In the news

  • AGU in Arizona. Our very own, David Sampson, is in the member highlight of the American Geophysical Union (AGU). Enduring drought conditions in the Southwest and increasing water demands for future water supplies in Phoenix are worrisome for water managers. David works on a water management and planning model for Phoenix that simulates the current and projected water supply as influenced by population, climate change, and water availability. By allowing water managers to examine "what-if" scenarios they will be able to ensure long term availability for the growing Phoenix population.
  • Don’t Waste the Drought. We're in the worst drought in the United States since the 1950s, and we’re wasting it. Via The New York Times.
  • Children draw their feelings about future of water. "The Science of Water Art: A Citizen Science Project" – a collaborative research project, featuring research by DCDC researcher Amber Wutich, brings together professionals, community members, college students and children to think about the role that water plays in each of our lives – will be on display Sept. 1-30 at ASU’s Deer Valley Rock Art Center.
  • ASU research on climate impacts of urbanization gains widespread attention. A recently published study by ASU researchers and colleagues at the National Center for Atmospheric Research has produced widespread interest in news media – from the Los Angeles Times to Terra Espana, the Spain internet outlet of a prominent Spanish-language media company. Via ASU News
  • $3M NSF award to launch alternative energy research, PhD program. A new effort at Arizona State University to educate and train students in renewable and solar energy is receiving backing by the National Science Foundation (NSF). Via ASU News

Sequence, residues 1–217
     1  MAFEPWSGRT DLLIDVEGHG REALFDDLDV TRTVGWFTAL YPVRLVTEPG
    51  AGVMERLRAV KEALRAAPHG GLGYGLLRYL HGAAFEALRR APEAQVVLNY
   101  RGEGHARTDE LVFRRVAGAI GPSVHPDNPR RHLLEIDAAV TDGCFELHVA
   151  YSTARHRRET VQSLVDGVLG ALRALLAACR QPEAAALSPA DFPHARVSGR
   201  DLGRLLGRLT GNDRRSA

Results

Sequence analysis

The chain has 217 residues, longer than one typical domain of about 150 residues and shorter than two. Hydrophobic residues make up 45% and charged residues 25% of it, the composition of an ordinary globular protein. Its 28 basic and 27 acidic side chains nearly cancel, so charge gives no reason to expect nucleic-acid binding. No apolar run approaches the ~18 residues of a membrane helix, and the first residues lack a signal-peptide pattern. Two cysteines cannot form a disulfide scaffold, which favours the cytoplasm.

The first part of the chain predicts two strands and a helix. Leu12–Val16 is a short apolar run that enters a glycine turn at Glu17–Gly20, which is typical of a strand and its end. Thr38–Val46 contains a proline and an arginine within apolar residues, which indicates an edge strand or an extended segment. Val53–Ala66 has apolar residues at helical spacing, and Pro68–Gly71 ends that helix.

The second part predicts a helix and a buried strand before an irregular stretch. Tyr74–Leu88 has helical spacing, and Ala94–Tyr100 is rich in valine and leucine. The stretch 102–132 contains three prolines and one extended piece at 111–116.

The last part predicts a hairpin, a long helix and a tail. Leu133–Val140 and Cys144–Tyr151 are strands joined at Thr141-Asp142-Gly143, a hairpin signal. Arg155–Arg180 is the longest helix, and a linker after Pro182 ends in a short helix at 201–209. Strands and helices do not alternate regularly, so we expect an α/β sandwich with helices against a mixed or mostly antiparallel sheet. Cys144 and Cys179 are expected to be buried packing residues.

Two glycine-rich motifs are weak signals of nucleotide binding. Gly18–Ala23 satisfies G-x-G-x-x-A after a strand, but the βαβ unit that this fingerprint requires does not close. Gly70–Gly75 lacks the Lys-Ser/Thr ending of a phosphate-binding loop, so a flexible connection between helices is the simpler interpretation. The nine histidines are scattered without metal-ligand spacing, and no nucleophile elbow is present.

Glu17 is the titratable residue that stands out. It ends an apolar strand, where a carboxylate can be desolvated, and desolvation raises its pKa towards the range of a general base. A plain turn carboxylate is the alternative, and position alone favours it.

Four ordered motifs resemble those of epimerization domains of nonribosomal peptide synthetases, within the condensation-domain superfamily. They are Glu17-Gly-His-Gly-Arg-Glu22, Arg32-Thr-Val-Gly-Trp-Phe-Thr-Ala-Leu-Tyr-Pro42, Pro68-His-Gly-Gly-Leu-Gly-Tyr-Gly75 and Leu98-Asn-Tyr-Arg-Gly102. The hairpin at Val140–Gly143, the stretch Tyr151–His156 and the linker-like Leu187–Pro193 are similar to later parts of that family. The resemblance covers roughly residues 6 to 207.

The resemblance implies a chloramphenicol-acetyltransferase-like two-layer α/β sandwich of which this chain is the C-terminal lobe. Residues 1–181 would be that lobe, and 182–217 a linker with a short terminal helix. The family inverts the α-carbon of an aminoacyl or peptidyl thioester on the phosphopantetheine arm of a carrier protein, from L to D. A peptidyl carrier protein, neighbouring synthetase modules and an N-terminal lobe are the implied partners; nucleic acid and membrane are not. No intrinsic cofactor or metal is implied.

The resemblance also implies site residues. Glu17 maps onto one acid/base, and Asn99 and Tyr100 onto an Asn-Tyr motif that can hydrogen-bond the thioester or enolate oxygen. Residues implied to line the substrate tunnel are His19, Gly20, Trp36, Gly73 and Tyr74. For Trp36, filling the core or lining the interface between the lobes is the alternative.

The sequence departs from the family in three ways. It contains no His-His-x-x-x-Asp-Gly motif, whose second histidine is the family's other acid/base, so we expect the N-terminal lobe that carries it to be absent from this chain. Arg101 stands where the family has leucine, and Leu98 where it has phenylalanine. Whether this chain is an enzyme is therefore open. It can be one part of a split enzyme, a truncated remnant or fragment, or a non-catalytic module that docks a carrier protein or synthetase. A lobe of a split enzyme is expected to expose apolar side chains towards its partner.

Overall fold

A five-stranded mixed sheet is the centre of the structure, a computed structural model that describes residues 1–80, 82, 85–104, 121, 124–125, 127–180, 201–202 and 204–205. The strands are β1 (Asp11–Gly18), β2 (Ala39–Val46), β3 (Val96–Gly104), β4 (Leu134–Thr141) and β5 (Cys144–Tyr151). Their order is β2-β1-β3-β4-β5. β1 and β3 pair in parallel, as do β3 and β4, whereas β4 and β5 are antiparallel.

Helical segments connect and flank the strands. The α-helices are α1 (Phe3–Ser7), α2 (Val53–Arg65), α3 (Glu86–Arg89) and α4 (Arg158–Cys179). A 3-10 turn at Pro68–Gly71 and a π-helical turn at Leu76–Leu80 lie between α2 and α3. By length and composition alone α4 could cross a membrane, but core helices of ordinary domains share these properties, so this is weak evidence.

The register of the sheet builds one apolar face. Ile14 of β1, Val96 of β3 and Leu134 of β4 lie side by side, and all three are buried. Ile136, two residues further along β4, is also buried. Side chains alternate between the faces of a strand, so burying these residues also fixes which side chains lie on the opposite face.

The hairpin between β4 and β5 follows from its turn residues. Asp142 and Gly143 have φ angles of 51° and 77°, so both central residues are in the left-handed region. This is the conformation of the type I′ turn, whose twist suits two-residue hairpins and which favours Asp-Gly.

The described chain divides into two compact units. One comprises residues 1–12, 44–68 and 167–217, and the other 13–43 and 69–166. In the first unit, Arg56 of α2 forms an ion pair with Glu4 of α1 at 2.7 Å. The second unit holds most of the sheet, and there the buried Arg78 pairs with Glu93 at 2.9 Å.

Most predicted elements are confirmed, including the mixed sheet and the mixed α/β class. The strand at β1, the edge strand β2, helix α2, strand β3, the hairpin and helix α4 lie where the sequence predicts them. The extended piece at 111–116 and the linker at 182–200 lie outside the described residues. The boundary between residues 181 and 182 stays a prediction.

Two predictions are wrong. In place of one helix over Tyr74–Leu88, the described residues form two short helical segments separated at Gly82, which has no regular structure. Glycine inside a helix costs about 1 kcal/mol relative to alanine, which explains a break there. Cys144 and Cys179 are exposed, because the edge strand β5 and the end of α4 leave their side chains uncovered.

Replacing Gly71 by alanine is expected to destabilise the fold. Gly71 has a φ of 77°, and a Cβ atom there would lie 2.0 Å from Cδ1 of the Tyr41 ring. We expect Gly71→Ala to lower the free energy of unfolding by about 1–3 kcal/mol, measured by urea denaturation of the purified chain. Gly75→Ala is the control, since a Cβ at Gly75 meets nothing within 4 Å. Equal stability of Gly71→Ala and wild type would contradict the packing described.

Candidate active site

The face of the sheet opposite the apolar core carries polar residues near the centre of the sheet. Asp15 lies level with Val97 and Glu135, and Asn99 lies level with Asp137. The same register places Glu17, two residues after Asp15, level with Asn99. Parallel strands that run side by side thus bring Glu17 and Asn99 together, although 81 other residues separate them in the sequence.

• Evolution of ASU's commitment to sustainability. A cool timeline from the Global Institute of Sustainability.
  • Nine Straight Days of 110 or More: That’s Hot, Even for Phoenix. Hot is a relative term for people used to the scorching summer weather in this city built on land better suited for cactus than lawns. But nine straight days of excessive heat seem to have stretched even the most elastic tolerance levels to their limits. Via The New York Times
  • Want to know more about your Phoenix water and sewer Customer Services? Watch this!
  • Global Water Sustainability Flows Through Natural And Human Challenges. Water’s fate in China mirrors problems across the world: fouled, pushed far from its natural origins, squandered and exploited. In this week’s Science magazine, Jianguo "Jack" Liu, director of Michigan State University’s Center for Systems Integration and Sustainability, and doctoral student Wu Yang look at lessons learned in China and management strategies that hold solutions for China – and across the world. Via Science 360.